01

You don’t need to hit rock bottom.

90% of people who struggle with alcohol (in the US) are not clinically addicted. We have an idea that we need to be falling down and lose everything to address our relationship with alcohol. Not true. If you're worried about your drinking, if it's causing shame or fear or keeping you from the life you're dreaming about, that's more than enough to begin. And the sooner you start, the easier it is.

02

Am I an alcoholic? is the wrong question.

You don't need an online questionnaire to determine whether or not you have a drinking problem. The only questions you need to ask are (1) whether drinking alcohol is getting in the way of your dreams in this one life you have been given, and (2) how much longer you're willing to settle for that. 

03

Everything you want starts here.

The decision to stop drinking and the work that went in to make that happen laid the foundation for me to build a life of my dreams. Nothing else would have been possible without it. Everything that I wanted was on the other side of drinking - yoga teacher training, finally acting (and feeling) like a fucking grown up, happiness, energy, the youthful glow, an actual meditation practice, travel, healthy friendships, self-confidence - all of it. This holds true for you. Everything you want - everything you dream of - starts here.

04

Sober is the new black

More and more of us are waking up to the reality that drinking is not sexy or sophisticated or adult. It is the exact opposite of those things. Drinking makes us look like shit, kills our self-confidence, sucks our time/money/energy, ruins our health, works against every single goal we have for ourselves, and keeps us stuck and stunted. By just trying on sobriety or questioning our drink-centric culture, you are profoundly ahead of the pack and among good company. Remember: 70-80% of adults drink depending on where you live; drinking is basic. Sobriety, and the refusal to partake in alcogenic culture, is subversive, rebellious, and edgy.

05

It's not a sad consequence. It's a proud choice.

There is a common held belief in our society that sobriety is the consequence of our actions or inability to control our liquor. I don't see it that way. Discovering that you can’t tolerate a neurotoxic, carcinogenic poison isn’t a consequence—it’s a privilege; it’s your body intelligence talking to you loud enough to hear.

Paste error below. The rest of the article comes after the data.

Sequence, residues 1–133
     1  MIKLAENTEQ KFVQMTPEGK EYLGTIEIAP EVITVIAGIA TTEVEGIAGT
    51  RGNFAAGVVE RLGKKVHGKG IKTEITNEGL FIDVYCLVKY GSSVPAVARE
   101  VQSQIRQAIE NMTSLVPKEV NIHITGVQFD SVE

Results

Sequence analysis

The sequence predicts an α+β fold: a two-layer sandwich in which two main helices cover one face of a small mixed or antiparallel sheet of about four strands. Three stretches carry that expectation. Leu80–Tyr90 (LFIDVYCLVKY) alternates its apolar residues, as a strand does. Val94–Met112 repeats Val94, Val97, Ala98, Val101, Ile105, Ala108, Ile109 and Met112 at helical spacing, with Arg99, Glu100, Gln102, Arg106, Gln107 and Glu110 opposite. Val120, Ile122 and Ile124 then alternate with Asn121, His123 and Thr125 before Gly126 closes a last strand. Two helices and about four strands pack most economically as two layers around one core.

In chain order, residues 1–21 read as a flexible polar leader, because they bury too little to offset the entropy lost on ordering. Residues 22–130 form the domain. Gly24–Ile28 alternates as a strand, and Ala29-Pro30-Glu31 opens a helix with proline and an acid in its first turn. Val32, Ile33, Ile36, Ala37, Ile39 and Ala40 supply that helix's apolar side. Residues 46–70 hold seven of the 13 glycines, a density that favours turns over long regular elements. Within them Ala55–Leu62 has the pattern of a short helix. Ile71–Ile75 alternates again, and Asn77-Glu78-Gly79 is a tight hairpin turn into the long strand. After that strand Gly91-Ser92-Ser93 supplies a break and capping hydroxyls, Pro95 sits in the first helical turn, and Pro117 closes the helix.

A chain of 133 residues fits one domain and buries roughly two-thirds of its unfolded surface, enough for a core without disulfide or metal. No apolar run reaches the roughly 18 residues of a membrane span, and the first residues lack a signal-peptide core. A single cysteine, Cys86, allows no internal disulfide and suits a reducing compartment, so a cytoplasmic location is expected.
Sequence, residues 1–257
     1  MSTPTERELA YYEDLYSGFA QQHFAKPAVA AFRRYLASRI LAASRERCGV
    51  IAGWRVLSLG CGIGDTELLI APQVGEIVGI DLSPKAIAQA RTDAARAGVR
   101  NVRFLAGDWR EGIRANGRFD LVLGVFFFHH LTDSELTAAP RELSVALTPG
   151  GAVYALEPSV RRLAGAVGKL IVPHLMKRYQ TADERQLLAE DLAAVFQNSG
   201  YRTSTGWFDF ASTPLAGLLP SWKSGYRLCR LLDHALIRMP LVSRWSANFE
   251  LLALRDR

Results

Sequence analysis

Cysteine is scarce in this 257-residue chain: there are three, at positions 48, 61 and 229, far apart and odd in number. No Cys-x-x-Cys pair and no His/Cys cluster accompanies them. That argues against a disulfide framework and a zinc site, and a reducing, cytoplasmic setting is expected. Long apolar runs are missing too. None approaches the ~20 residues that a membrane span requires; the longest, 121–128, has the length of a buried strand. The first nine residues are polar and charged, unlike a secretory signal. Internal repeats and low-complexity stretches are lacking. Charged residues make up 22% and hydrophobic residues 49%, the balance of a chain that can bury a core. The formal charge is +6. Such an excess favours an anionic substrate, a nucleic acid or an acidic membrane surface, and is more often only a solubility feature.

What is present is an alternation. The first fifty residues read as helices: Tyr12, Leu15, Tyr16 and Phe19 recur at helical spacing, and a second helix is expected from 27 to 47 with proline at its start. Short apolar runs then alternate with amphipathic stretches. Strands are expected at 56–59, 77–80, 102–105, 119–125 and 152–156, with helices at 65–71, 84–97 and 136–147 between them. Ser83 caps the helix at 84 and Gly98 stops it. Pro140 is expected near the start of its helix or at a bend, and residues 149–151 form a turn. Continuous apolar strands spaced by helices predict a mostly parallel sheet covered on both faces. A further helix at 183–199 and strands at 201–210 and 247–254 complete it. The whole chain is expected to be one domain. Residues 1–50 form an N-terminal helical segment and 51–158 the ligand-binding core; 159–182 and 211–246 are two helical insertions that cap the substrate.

Regardless of how we come to it, sobriety is our decision, and one that most people don't consider an option for themselves - regardless of where they fall on the spectrum of addiction. Those that choose the path to stop drinking willfully choose to stop drinking—because there is always the alternative to spiral further. Sobriety isn't something that you have to do. Sobriety is something that you get to do. You decide you want more for yourself, you decide that your more won't be found in a wine glass, and you get the fuck after it. And proudly so.

06

You need a holistic approach.

It's not about just cutting out the addiction or "just stopping.” It's also about what led you to the addiction in the first place and what keeps you going back to it. Complicated love lives, poor nutrition, stress, anxiety, crap friendships, consumerism, lack of purpose, unresolved family of origin issues, disenfranchisement, poverty, tight or unmanageable finances, lack of connection, fear, shitty jobs we hate, depression, unprocessed trauma, lack of meaning, unfulfilled dreams, never ending to-do lists, never-meausuring-upness—all of these things and so much more drives us to run for escape in the first place. To truly break from addiction—without transferring it to something else or just white-knuckling through it—you need to address the drivers that led you to it in the first place, and the addiction and related complications. Furthermore, you need to develop an entire arsenal of healthy coping mechanisms to use in place of the shitty ones you are using now. There is no one silver bullet here. To truly be free, you must holistically address the underlying cause and the addiction.